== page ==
Governor Creates Task Force To Study State’s Levee System; Requests $10 Million For Levee Flood Repair

LITTLE ROCK (KFSM) — Gov. Asa Hutchinson announced Thursday morning (June 27) that he was issuing an executive order to create a task force to study the state's levee system in the wake of historic flooding.

The governor issued Executive Order 19-10 that creates the Arkansas Levee Task force to study and analyze the condition of the state's levees.

The move comes after historic flooding on the Arkansas River in May and June breached several of the state's 93 levees, causing millions of dollars in damage. One of the largest breaches was the Holla Bend Levee in Yell County, which destroyed homes and businesses and threatened nearby towns and cities, including Dardanelle.

"The task force will have the duties to study and analyze the current condition of the state's levees system, to study and analyze and present futures sources and requirements for adequate funding, repair and maintenance of the levee system; to analyze the monitoring and reporting systems and to review the adequacy of current laws and organizational structure; and to make recommendations and report by Dec. 31, 2019," Hutchinson read from his executive order.

Members will include a representative of the Arkansas Commissioner of State Lands, Secretary of the Department of Public Safety, Secretary of the Department of Agriculture or their appointee, Secretary of the Department of Finance and Administration, a representative from the Natural Resources Commission, a representative from the Department of Emergency Management, a representative from Geographic Information Systems, a representative from the Waterways Commission and participation from county judges, county clerks and citizens. Hutchinson said he would also ask the leaders of the Legislature to designate two senators and two representatives to serve on the task force. Hutchinson said he expected the task force to have about 20 members altogether.

"I consider this extraordinarily important work that will make a difference in the lives of our citizens and their health and safety for the future," Hutchinson said.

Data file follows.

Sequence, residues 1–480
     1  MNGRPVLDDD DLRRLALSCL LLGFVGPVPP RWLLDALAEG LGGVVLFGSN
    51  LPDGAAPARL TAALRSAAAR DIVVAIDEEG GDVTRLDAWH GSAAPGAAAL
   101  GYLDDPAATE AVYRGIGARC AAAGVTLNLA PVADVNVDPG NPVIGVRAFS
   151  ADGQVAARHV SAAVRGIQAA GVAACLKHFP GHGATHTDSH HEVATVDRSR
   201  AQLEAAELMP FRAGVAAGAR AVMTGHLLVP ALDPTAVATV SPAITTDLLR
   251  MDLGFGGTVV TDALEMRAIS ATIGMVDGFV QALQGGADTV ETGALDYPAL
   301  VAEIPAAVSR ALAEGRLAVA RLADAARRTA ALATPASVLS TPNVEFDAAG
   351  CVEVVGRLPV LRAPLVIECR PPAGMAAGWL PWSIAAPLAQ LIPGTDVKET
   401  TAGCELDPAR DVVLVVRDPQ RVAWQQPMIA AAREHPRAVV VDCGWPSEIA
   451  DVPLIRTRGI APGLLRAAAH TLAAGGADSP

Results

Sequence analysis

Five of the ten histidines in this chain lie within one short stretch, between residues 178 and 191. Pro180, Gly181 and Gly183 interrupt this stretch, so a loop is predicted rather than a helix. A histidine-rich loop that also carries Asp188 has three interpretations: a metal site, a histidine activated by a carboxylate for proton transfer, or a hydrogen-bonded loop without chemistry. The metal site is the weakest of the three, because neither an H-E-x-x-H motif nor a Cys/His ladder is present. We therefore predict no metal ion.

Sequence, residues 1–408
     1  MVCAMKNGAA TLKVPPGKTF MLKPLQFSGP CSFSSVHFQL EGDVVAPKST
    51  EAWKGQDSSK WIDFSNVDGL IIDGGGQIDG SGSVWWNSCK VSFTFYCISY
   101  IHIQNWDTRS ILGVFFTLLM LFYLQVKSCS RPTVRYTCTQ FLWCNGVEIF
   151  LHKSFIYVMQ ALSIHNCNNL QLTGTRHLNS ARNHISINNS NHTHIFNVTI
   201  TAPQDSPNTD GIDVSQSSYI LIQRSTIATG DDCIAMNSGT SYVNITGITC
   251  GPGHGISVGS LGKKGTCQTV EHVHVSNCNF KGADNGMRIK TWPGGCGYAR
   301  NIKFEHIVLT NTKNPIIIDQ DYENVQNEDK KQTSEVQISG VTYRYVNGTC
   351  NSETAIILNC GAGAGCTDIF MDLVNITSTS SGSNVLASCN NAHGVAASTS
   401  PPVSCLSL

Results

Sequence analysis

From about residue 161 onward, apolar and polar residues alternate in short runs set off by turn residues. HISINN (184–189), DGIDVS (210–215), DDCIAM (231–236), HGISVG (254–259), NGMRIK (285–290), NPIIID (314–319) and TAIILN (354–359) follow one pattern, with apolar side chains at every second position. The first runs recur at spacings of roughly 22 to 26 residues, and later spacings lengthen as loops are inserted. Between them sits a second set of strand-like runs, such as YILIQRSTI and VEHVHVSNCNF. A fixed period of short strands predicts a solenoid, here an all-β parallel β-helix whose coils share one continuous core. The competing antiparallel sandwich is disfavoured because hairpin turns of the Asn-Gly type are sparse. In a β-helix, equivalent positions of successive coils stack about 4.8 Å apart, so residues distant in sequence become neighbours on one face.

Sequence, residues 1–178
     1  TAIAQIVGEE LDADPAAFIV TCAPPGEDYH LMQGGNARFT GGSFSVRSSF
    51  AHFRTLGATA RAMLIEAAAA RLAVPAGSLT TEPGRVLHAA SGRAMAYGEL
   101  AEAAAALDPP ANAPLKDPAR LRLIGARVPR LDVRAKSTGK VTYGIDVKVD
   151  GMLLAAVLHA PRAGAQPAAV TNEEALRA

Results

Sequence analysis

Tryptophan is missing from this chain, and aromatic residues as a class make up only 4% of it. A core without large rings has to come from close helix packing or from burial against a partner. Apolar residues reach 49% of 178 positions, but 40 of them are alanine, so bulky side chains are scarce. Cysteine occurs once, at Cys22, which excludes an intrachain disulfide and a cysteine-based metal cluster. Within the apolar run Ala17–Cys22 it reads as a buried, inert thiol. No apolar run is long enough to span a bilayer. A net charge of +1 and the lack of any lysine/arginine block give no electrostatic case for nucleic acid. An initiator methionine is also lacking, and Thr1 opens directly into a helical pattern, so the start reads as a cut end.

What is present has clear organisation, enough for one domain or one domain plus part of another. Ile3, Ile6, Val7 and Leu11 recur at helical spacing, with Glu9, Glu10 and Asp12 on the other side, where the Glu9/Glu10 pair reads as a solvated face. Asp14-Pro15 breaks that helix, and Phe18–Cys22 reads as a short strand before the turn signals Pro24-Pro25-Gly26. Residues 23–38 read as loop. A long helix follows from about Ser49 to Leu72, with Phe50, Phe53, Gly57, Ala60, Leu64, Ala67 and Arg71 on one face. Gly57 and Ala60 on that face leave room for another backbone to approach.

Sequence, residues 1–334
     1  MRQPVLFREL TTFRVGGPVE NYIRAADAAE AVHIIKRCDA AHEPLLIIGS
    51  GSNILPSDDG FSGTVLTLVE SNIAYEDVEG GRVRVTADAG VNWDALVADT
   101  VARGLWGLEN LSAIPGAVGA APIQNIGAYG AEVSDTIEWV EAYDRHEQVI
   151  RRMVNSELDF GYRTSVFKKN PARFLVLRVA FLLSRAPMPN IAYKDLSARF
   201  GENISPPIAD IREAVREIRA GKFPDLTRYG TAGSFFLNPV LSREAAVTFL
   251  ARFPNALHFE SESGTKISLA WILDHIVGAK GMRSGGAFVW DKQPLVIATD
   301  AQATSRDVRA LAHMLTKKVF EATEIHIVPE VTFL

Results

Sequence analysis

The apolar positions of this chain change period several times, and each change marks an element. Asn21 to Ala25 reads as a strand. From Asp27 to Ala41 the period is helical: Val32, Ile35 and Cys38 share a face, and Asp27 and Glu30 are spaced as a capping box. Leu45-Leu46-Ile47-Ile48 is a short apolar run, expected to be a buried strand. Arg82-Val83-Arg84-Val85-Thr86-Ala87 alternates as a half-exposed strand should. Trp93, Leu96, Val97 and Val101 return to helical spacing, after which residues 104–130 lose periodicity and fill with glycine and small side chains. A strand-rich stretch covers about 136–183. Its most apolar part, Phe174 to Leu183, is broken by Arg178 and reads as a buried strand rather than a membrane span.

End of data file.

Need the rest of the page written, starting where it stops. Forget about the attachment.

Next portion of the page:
The governor also said he would request $10 million to be made available through the Arkansas Department of Emergency Management for immediate levee repair. The Arkansas Natural Resources Commission would serve as a consultant on the project.

"I'll never forget the image that I had as I was in a helicopter traveling from Little Rock to Fort Smith along the Arkansas River and seeing the massive flooding, but also seeing the importance of the levee system," Hutchinson said. "In so many instances, it was the wall, literally, that was preventing the flooding of homes, farmlands and other property and businesses."

Hutchinson noted that in 2017, a law was passed that requested the county clerks report to the Department of Natural Resources about the levees that exist in their area, as well as the state of their structure and repair needs. Of the 93 levees, the state only received information on about 20 levees.

Hutchinson said the biggest reason for that was because many of the levees don't have organizational boards that maintain or operate the levees. That means no one is available for the reporting, upkeep or funding requests to repair those levees.

"That is one of the challenges we face," Hutchinson said.

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